The minutes of a year's Carter administration cabinet meetings have leaked to the press.

It is a scenario for disaster, right? A nation's secrets lie exposed to its enemies. The fabled fighting among advisers in the battle for the president's mind is there for all to see. Cabinet members are revealed unbuttoned, taking positions in the inmost council that they never thought they would have to face in the light of day.

Wrong. It is the scenario for a yawn.

The Nation, which obtained the minutes of Cabinet meetings from March 14, 1977, to March 13, 1978, for the first issue of a new format for the 113-year-old magazine sets the tone in its lead article by saying "secrets in an official sense they may be; fabulous they certainly are not."

The minutes, as compiled after each meeting by Cabinet Secretary Jack H. Watson Jr., make boring reading. Perhaps most strikingly, they show Cabinet meetings are forums for members' reports, backpats - and lots of discussion of what the press and television are saying about them.

Transportation Secretary Brock Adams told one session that he attended a town meeting in Wichita on rural transportation and that there are "serious rural transportation problems [which] have never been sufficiently addressed."

In another session, Housing and Urban Development Secretary Patricia Roberts Harris reported she spent a day campaigning for Democrats in New Jersey and New York.

Ambassador Andrew Young described a previous week at the United Nations as exciting: the United States voted three resolutions aimed against South Africa.

"What could a Cabinet meeting be after all, given our society and form of government, other than an adult version of a first grade's show and tell?" novelist Kurt Vonnegut Jr. comments in The Nation.

At one session, President Carter brought Ambassadors Ellsworth Bunker and Sol Linowitz to tell about the Panama Canal treaties, but not everyone gets to bring people. Most members simply tell what kind of a week they had.

Occasionally the president or a Cabinet member volunteers praise for a colleague - whether or not the colleague's field is under discussion.

The Secretary of Health, Education and Welfare, Joseph A. Califano Jr., wanted it on the record that he commends Attorney General Griffin Bell for "his wise and courageous decision in the [Richard] Helms case."

Bell's wisdom was to do less than throw the lawbook at the former CIA director, who was accused of lying to a congressional committee about CIA involvement in Chile. Califano's former law partner, Edward Bennett Williams, represented Helms.

Carter, appropriately, has the broadest perspective in the back-patting department. The minutes record that on March 6, 1973: "The president said that, although the administration has numerous problems on its hands, he continues to feel confident. The primary reason for his confidence is that the Cabinet is a cohesive group whose individual and collective judgement he trusts."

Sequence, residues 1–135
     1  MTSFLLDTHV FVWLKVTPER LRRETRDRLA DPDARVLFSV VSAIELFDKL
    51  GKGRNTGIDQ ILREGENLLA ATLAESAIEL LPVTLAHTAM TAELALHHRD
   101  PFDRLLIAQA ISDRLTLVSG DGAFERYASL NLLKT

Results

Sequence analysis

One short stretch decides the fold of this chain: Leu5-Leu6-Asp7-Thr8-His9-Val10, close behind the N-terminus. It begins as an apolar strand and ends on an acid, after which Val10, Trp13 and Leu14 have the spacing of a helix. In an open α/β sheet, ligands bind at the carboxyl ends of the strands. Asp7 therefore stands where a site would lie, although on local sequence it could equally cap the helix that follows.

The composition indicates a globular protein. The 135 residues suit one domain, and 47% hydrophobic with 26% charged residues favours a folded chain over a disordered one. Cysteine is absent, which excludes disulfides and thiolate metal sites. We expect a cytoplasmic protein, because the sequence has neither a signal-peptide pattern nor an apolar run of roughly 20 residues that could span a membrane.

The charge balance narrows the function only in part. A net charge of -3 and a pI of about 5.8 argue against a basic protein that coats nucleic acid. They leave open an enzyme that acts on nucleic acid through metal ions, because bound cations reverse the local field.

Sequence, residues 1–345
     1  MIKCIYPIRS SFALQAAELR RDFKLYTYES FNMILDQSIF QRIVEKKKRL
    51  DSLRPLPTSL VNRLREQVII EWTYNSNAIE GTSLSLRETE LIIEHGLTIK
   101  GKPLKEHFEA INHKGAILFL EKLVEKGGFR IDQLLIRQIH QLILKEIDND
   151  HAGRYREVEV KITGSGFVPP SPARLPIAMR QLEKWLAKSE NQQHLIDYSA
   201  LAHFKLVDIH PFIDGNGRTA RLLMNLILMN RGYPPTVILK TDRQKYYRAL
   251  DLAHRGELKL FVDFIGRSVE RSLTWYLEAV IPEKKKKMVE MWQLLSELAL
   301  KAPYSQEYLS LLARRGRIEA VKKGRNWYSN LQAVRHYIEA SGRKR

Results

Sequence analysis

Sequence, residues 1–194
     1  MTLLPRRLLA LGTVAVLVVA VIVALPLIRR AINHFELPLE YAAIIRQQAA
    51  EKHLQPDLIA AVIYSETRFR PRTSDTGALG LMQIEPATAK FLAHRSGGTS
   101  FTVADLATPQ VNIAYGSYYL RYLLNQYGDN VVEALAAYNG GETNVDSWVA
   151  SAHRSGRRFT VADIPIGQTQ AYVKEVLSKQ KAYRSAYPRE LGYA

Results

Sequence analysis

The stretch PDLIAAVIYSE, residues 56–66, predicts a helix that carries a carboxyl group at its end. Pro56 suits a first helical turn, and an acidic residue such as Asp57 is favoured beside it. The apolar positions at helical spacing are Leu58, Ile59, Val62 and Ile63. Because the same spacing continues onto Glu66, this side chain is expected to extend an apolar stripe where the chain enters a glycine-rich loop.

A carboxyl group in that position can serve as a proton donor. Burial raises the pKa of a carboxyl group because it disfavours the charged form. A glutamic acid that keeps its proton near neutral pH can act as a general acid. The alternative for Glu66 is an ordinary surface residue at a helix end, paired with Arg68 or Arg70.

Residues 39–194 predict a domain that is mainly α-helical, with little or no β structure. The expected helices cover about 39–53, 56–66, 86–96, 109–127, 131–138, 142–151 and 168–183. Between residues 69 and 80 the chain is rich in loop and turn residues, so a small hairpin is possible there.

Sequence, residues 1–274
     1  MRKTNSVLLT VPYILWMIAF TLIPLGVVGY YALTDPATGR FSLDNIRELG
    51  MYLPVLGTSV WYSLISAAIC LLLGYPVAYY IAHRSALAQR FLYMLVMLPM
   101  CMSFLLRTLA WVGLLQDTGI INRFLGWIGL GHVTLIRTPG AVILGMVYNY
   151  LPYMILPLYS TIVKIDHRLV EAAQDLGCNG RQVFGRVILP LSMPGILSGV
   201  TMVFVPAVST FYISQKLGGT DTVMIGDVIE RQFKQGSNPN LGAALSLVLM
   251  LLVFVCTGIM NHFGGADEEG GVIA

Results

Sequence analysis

While he likes its judgment, Carter is less happy with the way his Cabinet members write the weekly reports he demands of them. Some, he complains "contain unneccessary information about travel plans, speeches and related items . . ." In other words, the president doesn't want to read everything they did last summer.

Again on the minutes report: Jan 16, 1978, "The president asked Cabinet members to hold down the length of weekly reports. He prefers a one-page summary, similar to the Kiplinger Report format, unless there are extraordinary circumstances."

Victor Navasky, editor of The Nation, said the minutes came to his magazine unsolcited and he declines to reveal their source. They have been cleansed of certain indications that would have revealed who provided them, Navasky said; their authenticity was checked with sources familiar with the minutes.

At a press conference launching The Nation's new design and a drive to increase its circulation from the present "unaudited 25,000," Navasky said the minutes reveal that government leaders "are obsessed with press coverage and television coverage." For example:

Secretary of State Cyrus R. Vance commends a Washington Post article on the Soviet Union at one meeting.

The next week, Treasury Secretary W. Michael Blumenthal denounces a Washington Post report on oil company taxes.

National security affairs adviser Zbigniew Brzezinski praises a New York Times editorial on US.-Soviet relations.

Carter expresses pleasure that three Cabinet members were on the TV talk shows the previous Sunday. He urges them to continue to communicate with the people.

Navasky was asked whether the White House had commented on The Nation's obtaining a copy of the minutes.

"I assume that right now the Cabinet is meeting and talking about it," he mused.

Deputy White House press secretary Rex Granum said that the minutes are deliberately written without any substantive content because the administration assumed that at some point they would leak.

The magazine article "seems to justify the decision to write the minutes in that matter," Grarnum said. Ideas are put forward at cabinet meetings and debated there, he said, and to label them merely "show and tell" is a "judgement based on faulty premises."